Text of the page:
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MLB: Baltimore Orioles at Chicago White Sox
Adding an actual left fielder like Andrew Benintendi has improved the outfield defense.
Jamie Sabau-USA TODAY Sports

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Early peeks at the 2023 White Sox: The good, the bad, and the ugly

A stats breakdown of the season so far

Well, the White Sox are playing some sort of baseball so far this season. Yes, it’s still April, and yes, they’ve only played 16 games — it’s a small sample size — but I have yet to see many compelling signs that this team’s supposed new and improved 2023 version is substantially better than the 2022 one. It really shouldn’t be a surprise, because the team pretty much has run out the same core roster except for a few minor changes. There’s only so much a primarily new coaching staff can do when the personnel on the field is mostly the same.

I wanted to dig through the stats to put some facts to the eye test. Being a self-confessed emotional fan, I often think I see a pattern of play when in reality, it tends to be more of a recency or historical bias. So let’s take a look.

The pitching
In brief, the pitching has been as awful as you think it has. Only three hurlers have earned a quality start this season; Dylan Cease on Opening Day, Lucas Giolito on April 12 against Minnesota, and [redacted] on April 14 against the Orioles. Opponents have absolutely CRUSHED South Side pitching, both starting and bullpen, but much more so the pen as of late. In addition to allowing the second-most runs AND walks in the majors, they are also tied for fifth with the Baltimore Orioles with a .270 opponent batting average. So if it seems like the Sox have allowed significant traffic on the base paths, you’re not hallucinating. After the team’s Sunday loss, Cease spoke to the media and said, “We’ve got to clean it up.” No, kidding, Dylan. Now stop talking and get it done. If the hurlers minimize the number of base-runners, they’ll be well on their way to improvement.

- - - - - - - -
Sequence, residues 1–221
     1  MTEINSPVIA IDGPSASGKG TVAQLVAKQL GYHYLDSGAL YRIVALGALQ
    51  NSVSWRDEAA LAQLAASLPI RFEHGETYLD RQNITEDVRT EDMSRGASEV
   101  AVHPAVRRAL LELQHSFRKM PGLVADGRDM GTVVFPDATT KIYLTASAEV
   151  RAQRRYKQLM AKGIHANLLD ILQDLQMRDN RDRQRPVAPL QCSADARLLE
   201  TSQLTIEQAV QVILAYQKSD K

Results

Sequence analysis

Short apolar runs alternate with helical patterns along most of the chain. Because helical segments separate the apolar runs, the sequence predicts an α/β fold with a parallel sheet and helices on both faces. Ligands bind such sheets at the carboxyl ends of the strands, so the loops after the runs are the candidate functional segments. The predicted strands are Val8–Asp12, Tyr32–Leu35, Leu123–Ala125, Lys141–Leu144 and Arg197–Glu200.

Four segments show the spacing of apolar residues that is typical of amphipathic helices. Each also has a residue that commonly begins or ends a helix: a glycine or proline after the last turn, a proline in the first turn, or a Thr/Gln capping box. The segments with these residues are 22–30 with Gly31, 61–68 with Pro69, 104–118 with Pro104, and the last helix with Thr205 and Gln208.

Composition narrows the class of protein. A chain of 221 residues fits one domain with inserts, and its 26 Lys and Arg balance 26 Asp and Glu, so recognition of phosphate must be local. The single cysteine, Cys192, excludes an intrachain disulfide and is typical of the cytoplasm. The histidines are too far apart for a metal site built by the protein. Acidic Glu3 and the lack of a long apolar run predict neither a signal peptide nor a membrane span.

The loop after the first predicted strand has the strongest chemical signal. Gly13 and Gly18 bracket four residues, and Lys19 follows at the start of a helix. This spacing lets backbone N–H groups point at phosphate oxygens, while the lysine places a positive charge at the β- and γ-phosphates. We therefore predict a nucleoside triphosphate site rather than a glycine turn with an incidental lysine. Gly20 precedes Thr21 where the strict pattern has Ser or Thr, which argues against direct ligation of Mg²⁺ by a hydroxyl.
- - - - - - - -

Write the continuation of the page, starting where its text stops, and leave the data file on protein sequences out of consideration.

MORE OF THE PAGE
The defense
There’s a bit of good and bad news here. Right now, the team fielding percentage ranks 24th in all of baseball, at .982. If that number looks familiar, it’s because they ended the 2022 season with a fielding percentage of, wait for it, .982. Granted, they were ranked 28th then. So I suppose one could argue that technically they have improved in ranking, but not in actual defensive ability.

Here’s a fun one that might make you feel a little hopeful: Ultimate Zone Rating (UZR). Per Major League Baseball, UZR quantifies a player’s entire defensive performance by attempting to measure how many runs a defender saved. It considers errors, range, outfield arm, and double-play ability. Its formula differs slightly from DRS (Defensive Runs Saved), but the concept is the same. In 2022, as a team, the Sox were dead last at 30th in UZR at -40.5 (for reference, zero is the league average). Think about that for a minute. ZERO is the league average, and the Sox had a -40.5. Here’s the good news, though. This season, Chicago ranks 13th and has a UZR of ZERO. Yippee for league average! Having actual outfielders who can play defense is most likely the culprit here, and getting a healthy Yoán Moncada, hopefully back sooner than later at third base, should keep that UZR moving on up.

The offense
This hitters are all over the place, a kind of frenzied mashup of pluses and minuses. Let’s start with the positives. The Sox are averaging 4.63 runs per game, hovering around the league average and up from 4.23 from last year. They rank sixth in hits with 149, eighth in batting average at .261. and 11th in slugging at .418. Most notably, they are second in doubles with 38, an impressive 26% of their hits. Has the singles machine and ghost of Frank Menechino finally vanished? These numbers should only improve upon Tim Anderson’s return and if Eloy Jiménez can ever get his bat going again.

However, with this team, you know if there are ups, there are also plenty of downs. The team OBP ranks 19th, at .316. This is because they don’t walk, and they actually DO swing at everything (25th in walks and 17th in strikeouts). Is it possible to teach more patience at the plate because they REALLY need it? It seems that this is one of the most significant weaknesses of this team right now, and more walks and fewer strikeouts alone could swing the team back to a winning record.

Again, it’s early, it’s April, and it’s cold (sound familiar?). I’m not sure how these things only affect the Sox and not other teams, but this is what I’m told. Wait and see, too, the Sox say; we’ve got something to prove. Well, White Sox, we’re sick of waiting; it’s time for action. Please see the notes above.

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